On January 12, 2010, a massive 7.0 earthquake centered on the capital city of Port-au-Prince in Haiti killed and maimed more than a quarter million out of a population of almost 9 million people. Haiti is a conjoint but economically delayed twin nation situated west of the Dominican Republic and one-third the island of Hispaniola. Invaded in 1492 by that lost Italian, Christopher Columbus, Haiti was colonized by France and under the brilliant leadership of ex-slave Toussaint L’Ouverture (1743-1803), won its independence in 1804. But the island has experienced a history of economic deprivation, environmental exploitation, and political upheaval, stemming in large part as retaliation from a western-based Power Elite. That anyone would now be surprised by Haiti’s current plight has probably spent far too much time buying into cinematic propaganda about life in the Caribbean.
Haiti was the setting for Peter Glenville’s The Comedians (1967), based on a novel by Graham Greene. Greene is probably best known as the screen-writer of Carol Reed’s magnificent, The Third Man (1949). The Comedians, not at all a funny movie, featured the acting couple of the day, Elizabeth Taylor and Richard Burton. It also starred James Earle Jones as the revolting Dr. Magiot, a clone of Haiti’s brutal dictator, Papa Doc Duvalier. Raymond St. Jacques portrayed the particularly nasty Captain Concasseur, a lethal soldier of Duvalier’s private army. I always thought St. Jacques, similar to Sidney Poitier (from the Bahamas) and Harry Belafonte (from Jamaica), had roots in the Caribbean as well (probably because of his name).
The various islands in the Caribbean sea located southeast of the United States and east of Mexico were drop-off points where African slaves were “seasoned” for plantation labor after (and if) they survived the dreaded Middle Passage. Today, these mostly black islanders are collectively referred to as West Indians and usually depicted as poor, non-threatening and care-free. Even the racially-mixed crews in Gore Verbinski’s Pirates of the Caribbean trilogy (2003, 2006 and 2007) are deemed to be equal-opportunity thugs. Sport as the racial equalizer was also the message from Jon Turteltaub’s Cool Running (1993), with Jamaican youths aspiring to nothing more than winning a bob-sled race under white-male leadership. The Caribbean served as the exotic backdrop for several James Bond films as well; from Terence Young’s Dr. No (1962) to Martin Campbell’s Casino Royale (2006). In Hollywood, the descendents of Her Majesty’s Trans-Atlantic Slave Trade have evidently gleefully accepted the servant class status.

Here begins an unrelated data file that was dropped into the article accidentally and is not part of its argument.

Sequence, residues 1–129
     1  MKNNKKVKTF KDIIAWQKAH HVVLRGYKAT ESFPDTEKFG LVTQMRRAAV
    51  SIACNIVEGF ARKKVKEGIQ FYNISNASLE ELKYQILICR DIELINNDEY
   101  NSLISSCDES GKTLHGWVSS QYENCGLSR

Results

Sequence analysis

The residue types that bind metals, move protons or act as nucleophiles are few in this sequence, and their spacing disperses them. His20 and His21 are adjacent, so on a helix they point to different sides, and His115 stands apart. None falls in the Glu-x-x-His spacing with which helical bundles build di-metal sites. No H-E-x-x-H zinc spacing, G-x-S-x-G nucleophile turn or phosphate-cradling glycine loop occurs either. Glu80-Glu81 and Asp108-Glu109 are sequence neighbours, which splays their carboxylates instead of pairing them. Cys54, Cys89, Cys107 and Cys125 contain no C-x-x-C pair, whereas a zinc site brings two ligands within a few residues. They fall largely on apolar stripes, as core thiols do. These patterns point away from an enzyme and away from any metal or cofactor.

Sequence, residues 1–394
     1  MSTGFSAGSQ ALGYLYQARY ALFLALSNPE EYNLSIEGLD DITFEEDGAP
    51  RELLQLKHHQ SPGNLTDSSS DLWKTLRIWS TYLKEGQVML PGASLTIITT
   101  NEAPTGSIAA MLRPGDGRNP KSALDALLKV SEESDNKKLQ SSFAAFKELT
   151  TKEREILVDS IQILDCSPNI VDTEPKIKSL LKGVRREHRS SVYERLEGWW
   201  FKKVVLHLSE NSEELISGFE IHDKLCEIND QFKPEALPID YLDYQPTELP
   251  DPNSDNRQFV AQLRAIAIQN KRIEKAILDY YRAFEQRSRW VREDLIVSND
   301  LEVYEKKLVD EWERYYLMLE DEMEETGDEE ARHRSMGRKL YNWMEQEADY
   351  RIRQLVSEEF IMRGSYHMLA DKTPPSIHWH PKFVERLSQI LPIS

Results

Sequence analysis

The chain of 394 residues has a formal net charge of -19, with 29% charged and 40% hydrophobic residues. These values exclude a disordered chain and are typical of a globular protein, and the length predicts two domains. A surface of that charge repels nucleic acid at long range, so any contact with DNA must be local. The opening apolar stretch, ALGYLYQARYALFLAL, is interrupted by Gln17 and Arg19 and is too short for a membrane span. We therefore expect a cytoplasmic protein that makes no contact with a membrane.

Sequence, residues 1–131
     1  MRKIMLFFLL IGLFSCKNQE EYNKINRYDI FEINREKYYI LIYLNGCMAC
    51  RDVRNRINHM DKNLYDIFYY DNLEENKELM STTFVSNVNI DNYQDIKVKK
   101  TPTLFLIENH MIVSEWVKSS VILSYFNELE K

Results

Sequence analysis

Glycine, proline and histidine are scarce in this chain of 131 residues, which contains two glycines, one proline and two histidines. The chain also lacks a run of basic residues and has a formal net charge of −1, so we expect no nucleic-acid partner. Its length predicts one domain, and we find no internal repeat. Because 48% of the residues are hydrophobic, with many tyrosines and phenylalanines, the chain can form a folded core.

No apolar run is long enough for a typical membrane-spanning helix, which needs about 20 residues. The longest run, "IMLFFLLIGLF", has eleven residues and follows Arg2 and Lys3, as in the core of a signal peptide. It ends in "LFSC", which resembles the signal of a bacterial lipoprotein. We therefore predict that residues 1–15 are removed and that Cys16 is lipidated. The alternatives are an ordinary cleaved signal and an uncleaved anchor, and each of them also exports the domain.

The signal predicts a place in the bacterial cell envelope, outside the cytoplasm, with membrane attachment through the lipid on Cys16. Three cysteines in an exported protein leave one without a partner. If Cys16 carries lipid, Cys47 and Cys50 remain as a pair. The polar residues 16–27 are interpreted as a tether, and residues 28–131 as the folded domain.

Other films however, such as Andrew Niccol’s Lord of War (2005) and Fernando Meirelles’ The Constant Gardner (2005), which depict the deplorable conditions in formerly colonized African countries, have been presented as consequences of imperialism. In Lord of War for instance, about European gun-running to friend and foe, black-British actor Eamonn Walker’s portrayal of the murderous African general, Baptiste Senior, rivaled that of Raymond St Jacques’ sociopathic Haitian soldier. In Edward Zwick’s Blood Diamond, set in Sierra Leone’s bloody civil war, David Harwood, another Black British actor, depicted the horrific local terrorist Captain Poison. Poison’s own self-description: “You think I’m a demon, but that’s only because I have to live in hell,” conveyed the reality of endogamous brutality as forged in the fires of internalized racism. Nevertheless, the film industry presents more of a sugar-coated image of the Caribbean, such as in Kevin Rodney Sullivan’s How Stella got her Groove back (1998) which featured the place as a happy hunting-ground for black romance.
Far more honesty about the region can be found in the small budgeted independent films; such as Perry Henszell’s The Harder they Come (1972) starring Jamaican reggae musician Jimmy Cliff. The movie was the first to be produced in Jamaica and it also introduced reggae to American audiences. The Harder they Come was made in the black exploitation era and showed the squalor of Jamaica’s shantytowns where dreams are deferred. Euzhan Palcy’s Rue Cases Negres or Sugar Cane Alley (1989) was set in 1930s in Martinique and more quietly, and eloquently, spoke to the inequities experienced by the island’s blacks. Comparatively, the big-money studios counter such consciousness with superficial films such as Carl Schenkel’s The Mighty Quinn (1989), where not even the magic of Denzel Washington as a riveting police detective saved it.
Fernando Meirelles’ City of God (2002) reminded audiences about the African Diaspora being trapped in Rio de Janeiro’s terrible slums (favelas). But the industry by and large has not produced enough films which connect the African Diaspora to contemporary issues of inequality? A Trans-Atlantic slave legacy continues to underscore racial inequalities around the world, including the world of film, even as the unequal consequences of nature now being faced by the people of Haiti.
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